“I just want to work,” said De Los Santos. “This is the only thing I know how to survive this crisis is working, working, and working.”

Minority-owned businesses also play another important role: They tend to set up shop in communities of color and hire people of color, becoming an economic engine onto themselves. Now that ecosystem is threatened in neighborhoods like Roxbury’s Nubian Square.

The Hardaway family, which opened Final Touch With Class Boutique in 2015 in the Bolling building, applied unsuccessfully for a disaster grant through the SBA.

Now what?

“That’s probably the million-dollar question,” said Haris Hardaway, who co-owns the boutique with his mother, Catherine.

The shop has been closed for more than a month, and its lone employee, the store manager, was let go. The Hardaways hope they can open the store in June so they can at least unload the spring clothes and accessories they had purchased. Yes, there will be a big sale.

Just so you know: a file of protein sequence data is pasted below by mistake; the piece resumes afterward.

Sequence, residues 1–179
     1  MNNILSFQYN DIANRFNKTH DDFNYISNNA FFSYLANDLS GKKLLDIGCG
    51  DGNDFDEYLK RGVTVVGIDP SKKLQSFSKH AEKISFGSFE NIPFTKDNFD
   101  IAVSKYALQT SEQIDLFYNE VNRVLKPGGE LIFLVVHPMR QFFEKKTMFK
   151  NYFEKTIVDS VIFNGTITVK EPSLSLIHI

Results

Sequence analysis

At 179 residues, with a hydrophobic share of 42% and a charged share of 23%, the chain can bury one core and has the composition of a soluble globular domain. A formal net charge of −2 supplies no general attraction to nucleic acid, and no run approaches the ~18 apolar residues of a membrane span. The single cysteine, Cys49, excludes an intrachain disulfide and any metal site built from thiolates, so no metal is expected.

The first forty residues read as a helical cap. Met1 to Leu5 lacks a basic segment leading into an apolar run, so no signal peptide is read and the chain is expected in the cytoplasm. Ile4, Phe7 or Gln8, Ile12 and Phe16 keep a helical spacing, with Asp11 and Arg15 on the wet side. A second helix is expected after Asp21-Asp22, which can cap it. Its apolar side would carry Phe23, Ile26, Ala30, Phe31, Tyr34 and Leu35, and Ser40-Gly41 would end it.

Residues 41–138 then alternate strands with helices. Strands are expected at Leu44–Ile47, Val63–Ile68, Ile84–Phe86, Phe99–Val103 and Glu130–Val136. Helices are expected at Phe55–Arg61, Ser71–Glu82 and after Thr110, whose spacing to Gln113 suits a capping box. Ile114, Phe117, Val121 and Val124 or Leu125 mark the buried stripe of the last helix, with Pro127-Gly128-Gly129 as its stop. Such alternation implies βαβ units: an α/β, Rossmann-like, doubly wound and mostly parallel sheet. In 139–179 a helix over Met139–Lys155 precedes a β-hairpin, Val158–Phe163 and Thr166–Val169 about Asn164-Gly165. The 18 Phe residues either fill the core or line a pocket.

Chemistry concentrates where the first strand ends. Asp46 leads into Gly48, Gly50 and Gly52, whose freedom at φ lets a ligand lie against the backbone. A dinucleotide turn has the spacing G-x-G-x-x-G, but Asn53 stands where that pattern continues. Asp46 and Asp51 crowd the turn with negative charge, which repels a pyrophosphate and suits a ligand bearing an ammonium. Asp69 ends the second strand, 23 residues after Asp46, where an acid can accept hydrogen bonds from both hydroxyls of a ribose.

“I say to Haris, ‘I don’t feel like this is real. I feel like I am in a dream and I will wake up and it will be over,' " said Catherine Hardaway, who serves as president.

This year was supposed to be a breakout year — the boutique aired its first TV commercial before the pandemic hit, and Catherine Hardaway planned to step back and have her son take the reins.

Not anymore, or as Haris puts it: “It’s all hands on deck.”

Without any loans, the Hardaways can only hope the economy will remain open for the Christmas shopping season, which is when retailers make much of the profit for the year.

“If there is no Christmas," said Haris Hardaway, “I don’t know what will happen."

Shirley Leung is a Business columnist. She can be reached at